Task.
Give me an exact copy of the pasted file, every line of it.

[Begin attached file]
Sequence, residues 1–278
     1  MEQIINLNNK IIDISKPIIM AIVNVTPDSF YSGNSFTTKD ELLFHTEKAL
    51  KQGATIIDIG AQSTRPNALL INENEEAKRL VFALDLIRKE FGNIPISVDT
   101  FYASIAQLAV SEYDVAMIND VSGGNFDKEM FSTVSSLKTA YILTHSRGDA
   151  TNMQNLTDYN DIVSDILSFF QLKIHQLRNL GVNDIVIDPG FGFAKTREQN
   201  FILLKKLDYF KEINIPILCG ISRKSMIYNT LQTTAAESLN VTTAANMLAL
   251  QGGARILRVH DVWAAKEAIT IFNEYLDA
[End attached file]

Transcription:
Sequence, residues 1–278
     1  MEQIINLNNK IIDISKPIIM AIVNVTPDSF YSGNSFTTKD ELLFHTEKAL
    51  KQGATIIDIG AQSTRPNALL INENEEAKRL VFALDLIRKE FGNIPISVDT
   101  FYASIAQLAV SEYDVAMIND VSGGNFDKEM FSTVSSLKTA YILTHSRGDA
   151  TNMQNLTDYN DIVSDILSFF QLKIHQLRNL GVNDIVIDPG FGFAKTREQN
   201  FILLKKLDYF KEINIPILCG ISRKSMIYNT LQTTAAESLN VTTAANMLAL
   251  QGGARILRVH DVWAAKEAIT IFNEYLDA